Geoff Cumming has written a great article in The Conversation about problems with using p-values for determining importance when using statistics. He recommends focusing on measuring effect sizes by using confidence intervals. It is well worth reading, but you should also definitely watch his YouTube video about the Dance of the P-values.
His basic argument is that confidence intervals represent the information in an experiment much more reliably than p-values. P-values are variable between possible replicates of an experiment and do not indicate how variable they might be; the same basic experiment can give p-values that range from <0.001 to 0.5, depending on how the randomized data fall out. P-values dance around. In contrast, confidence intervals are less variable, and also indicate the magnitude of possible variation that might occur in a replicate of the experiment.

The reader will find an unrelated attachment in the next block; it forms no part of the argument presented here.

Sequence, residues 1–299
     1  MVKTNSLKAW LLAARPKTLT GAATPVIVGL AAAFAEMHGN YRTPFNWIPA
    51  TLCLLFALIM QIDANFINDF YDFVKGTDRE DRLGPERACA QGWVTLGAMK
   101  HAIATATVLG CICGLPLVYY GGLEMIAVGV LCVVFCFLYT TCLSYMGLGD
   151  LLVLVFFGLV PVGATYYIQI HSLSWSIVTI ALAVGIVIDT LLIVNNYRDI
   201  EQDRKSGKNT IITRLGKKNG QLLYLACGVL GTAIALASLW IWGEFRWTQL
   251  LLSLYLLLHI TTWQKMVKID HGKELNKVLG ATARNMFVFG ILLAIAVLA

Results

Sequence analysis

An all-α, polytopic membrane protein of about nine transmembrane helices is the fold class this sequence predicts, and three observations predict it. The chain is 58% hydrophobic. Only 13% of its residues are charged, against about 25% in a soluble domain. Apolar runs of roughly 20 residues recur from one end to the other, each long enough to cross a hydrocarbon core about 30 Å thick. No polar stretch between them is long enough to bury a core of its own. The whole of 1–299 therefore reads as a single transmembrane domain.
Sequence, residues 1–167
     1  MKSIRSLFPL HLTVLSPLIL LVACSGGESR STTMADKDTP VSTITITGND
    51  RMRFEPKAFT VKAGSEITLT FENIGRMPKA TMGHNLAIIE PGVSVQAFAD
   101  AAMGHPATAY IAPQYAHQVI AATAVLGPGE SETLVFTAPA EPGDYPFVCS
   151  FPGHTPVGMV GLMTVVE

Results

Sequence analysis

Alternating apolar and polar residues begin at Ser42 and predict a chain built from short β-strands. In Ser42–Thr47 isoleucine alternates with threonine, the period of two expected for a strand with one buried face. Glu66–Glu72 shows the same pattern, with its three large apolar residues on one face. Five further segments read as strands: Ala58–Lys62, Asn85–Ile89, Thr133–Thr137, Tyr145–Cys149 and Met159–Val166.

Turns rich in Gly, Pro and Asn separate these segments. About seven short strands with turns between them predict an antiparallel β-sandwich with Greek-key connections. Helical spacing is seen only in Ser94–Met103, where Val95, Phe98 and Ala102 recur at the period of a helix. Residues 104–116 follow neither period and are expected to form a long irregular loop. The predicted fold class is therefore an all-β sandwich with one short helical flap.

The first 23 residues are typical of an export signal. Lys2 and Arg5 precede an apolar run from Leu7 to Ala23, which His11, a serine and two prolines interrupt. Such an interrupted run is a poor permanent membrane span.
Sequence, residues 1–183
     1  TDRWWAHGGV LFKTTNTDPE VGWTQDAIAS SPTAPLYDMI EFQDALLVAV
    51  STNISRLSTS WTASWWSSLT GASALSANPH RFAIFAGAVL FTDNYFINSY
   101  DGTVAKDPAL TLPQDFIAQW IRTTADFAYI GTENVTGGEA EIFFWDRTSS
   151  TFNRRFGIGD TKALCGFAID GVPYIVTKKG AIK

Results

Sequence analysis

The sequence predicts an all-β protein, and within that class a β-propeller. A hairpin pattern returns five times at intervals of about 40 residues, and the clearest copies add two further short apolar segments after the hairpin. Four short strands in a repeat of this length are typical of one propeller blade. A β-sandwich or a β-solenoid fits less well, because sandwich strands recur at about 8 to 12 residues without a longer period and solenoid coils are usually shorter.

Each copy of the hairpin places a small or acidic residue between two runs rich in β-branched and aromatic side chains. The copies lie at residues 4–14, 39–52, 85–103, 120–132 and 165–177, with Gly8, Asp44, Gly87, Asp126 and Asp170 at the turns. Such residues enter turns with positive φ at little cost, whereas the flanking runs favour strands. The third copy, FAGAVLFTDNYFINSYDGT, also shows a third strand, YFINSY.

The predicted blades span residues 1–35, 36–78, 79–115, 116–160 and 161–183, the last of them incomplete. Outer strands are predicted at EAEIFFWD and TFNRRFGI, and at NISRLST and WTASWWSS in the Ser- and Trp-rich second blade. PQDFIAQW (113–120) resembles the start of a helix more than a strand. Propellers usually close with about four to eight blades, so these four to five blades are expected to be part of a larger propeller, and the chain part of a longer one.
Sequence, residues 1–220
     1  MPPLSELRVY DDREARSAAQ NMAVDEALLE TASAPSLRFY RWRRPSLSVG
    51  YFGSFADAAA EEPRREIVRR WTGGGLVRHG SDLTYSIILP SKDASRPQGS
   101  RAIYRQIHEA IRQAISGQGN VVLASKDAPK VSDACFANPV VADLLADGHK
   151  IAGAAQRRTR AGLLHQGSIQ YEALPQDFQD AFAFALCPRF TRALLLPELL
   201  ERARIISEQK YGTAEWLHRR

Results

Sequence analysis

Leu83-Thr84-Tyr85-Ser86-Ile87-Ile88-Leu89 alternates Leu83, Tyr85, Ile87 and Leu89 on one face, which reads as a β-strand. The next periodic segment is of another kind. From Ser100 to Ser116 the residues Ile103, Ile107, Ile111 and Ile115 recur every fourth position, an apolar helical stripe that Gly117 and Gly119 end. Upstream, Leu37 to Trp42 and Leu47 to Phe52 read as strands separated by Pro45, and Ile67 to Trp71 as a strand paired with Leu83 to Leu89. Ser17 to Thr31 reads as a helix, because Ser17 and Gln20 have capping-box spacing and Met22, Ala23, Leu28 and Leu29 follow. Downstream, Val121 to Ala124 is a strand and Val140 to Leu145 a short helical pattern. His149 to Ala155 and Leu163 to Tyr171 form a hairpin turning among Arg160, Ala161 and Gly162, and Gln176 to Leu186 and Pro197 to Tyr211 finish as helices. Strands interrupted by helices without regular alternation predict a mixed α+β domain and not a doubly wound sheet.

Geoff also has experimental evidence that using confidence intervals improves statistical interpretation. Geoff’s work is primarily in the area of psychology, but the same issues occur in other disciplines. Medicine moved to confidence intervals, with apparent improvements in the science and patient outcomes. Ecology and conservation science have plenty of scope for improvement.
Want to read more about null hypothesis significance testing? Check out this.